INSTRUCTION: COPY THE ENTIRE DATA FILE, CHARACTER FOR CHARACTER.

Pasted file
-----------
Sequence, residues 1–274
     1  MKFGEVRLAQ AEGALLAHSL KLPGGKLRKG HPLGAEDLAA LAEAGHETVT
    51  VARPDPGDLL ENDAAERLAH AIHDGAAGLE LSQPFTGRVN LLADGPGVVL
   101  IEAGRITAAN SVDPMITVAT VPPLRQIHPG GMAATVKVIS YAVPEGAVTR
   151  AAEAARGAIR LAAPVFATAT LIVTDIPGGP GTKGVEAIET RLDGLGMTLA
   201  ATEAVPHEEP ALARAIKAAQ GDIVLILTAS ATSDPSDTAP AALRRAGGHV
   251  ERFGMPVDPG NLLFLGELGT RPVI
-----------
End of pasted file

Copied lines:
Sequence, residues 1–274
     1  MKFGEVRLAQ AEGALLAHSL KLPGGKLRKG HPLGAEDLAA LAEAGHETVT
    51  VARPDPGDLL ENDAAERLAH AIHDGAAGLE LSQPFTGRVN LLADGPGVVL
   101  IEAGRITAAN SVDPMITVAT VPPLRQIHPG GMAATVKVIS YAVPEGAVTR
   151  AAEAARGAIR LAAPVFATAT LIVTDIPGGP GTKGVEAIET RLDGLGMTLA
   201  ATEAVPHEEP ALARAIKAAQ GDIVLILTAS ATSDPSDTAP AALRRAGGHV
   251  ERFGMPVDPG NLLFLGELGT RPVI